Food insecurity is associated with a wide array of negative health outcomes and higher health care costs but there has been no population-based study of the association of food insecurity and mortality in high-income countries.
We use cross-sectional population surveys linked to encoded health administrative data. The sample is 90,368 adults, living in Ontario and respondents in the Canadian Community Health Survey (CCHS). The outcome of interest is all-cause mortality at any time after the interview and within four years of the interview. The primary variable of interest is food insecurity status, with individuals classed as “food secure”, “marginally food insecure”, “moderately food insecure”, or “severely food insecure”. We use logistic regression models to determine the association of mortality with food insecurity status, adjusting for other social determinants of health.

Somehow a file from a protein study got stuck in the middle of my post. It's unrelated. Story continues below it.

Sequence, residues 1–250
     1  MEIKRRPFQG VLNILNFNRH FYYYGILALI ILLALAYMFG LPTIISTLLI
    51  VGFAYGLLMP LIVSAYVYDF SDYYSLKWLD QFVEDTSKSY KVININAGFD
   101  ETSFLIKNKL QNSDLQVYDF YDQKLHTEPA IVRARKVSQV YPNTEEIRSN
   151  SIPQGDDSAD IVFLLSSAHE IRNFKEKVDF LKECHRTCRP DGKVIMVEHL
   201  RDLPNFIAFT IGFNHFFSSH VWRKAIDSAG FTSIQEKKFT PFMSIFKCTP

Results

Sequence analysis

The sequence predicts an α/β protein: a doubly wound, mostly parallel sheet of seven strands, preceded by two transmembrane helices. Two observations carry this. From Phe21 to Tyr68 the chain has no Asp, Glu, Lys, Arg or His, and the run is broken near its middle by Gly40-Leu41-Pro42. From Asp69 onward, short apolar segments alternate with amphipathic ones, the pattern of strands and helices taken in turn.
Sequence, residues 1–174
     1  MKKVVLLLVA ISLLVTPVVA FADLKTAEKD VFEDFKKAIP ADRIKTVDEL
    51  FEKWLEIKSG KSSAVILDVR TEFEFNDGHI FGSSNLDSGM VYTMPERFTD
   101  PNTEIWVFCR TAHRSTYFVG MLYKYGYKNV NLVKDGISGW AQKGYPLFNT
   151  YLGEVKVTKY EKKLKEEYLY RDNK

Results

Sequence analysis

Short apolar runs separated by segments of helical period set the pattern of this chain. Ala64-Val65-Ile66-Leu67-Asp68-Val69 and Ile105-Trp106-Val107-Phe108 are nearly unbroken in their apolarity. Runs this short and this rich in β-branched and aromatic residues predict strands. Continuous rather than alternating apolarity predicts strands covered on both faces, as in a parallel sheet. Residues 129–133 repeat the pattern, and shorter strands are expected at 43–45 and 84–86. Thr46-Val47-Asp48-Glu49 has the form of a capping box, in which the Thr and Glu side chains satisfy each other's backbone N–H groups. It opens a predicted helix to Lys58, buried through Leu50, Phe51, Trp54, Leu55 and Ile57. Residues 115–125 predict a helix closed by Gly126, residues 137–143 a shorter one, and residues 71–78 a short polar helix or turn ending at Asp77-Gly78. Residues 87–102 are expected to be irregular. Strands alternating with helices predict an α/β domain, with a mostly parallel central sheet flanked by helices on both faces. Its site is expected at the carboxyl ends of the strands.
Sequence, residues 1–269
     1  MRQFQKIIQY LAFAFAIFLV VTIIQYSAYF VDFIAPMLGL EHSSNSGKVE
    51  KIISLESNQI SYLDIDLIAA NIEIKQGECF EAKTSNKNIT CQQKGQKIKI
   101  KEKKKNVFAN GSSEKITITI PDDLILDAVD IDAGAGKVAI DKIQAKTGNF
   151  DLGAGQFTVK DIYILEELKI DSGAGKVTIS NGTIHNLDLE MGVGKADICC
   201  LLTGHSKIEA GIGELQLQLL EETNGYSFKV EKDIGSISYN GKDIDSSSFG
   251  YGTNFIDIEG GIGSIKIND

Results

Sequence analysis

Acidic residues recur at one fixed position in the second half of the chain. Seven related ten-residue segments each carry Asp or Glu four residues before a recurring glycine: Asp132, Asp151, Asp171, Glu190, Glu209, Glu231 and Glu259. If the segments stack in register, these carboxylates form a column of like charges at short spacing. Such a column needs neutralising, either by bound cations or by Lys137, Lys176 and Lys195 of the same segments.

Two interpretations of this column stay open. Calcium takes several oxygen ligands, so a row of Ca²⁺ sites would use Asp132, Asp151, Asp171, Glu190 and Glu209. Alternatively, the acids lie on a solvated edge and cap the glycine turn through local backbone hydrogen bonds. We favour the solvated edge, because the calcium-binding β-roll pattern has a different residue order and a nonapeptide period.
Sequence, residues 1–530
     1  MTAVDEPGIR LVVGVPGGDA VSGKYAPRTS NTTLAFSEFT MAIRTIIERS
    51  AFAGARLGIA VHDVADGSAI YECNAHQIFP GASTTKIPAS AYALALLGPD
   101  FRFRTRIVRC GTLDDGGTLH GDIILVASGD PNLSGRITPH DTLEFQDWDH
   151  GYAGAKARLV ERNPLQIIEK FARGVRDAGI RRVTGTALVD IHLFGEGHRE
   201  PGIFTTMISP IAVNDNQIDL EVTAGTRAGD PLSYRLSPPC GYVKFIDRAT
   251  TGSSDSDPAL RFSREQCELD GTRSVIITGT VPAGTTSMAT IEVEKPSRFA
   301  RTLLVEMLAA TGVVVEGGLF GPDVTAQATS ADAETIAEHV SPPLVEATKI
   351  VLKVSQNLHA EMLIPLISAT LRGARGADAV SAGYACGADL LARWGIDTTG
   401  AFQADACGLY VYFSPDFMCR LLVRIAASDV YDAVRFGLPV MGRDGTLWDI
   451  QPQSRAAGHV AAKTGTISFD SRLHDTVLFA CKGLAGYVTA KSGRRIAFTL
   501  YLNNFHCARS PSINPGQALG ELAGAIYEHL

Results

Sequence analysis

Using a full set of covariates, in comparison to food secure individuals, the odds of death at any point after the interview are 1.28 (CI = 1.08, 1.52) for marginally food insecure individuals, 1.49 (CI = 1.29, 1.73) for moderately food insecure individuals, and 2.60 (CI = 2.17, 3.12) for severely food insecure individuals. When mortality within four years of the interview is considered, the odds are, respectively, 1.19 (CI = 0.95, 1.50), 1.65 (CI = 1.37, 1.98), and 2.31 (CI = 1.81, 2.93).
These findings demonstrate that food insecurity is associated with higher mortality rates and these higher rates are especially large for the most severe food insecurity category. Efforts to reduce food insecurity should be incorporated into broader public health initiatives to reduce mortality.
Craig Gundersen , Valerie Tarasuk , Joyce Cheng , Claire de Oliveira , Paul Kurdyak
PLOS ONE, August 23, 2018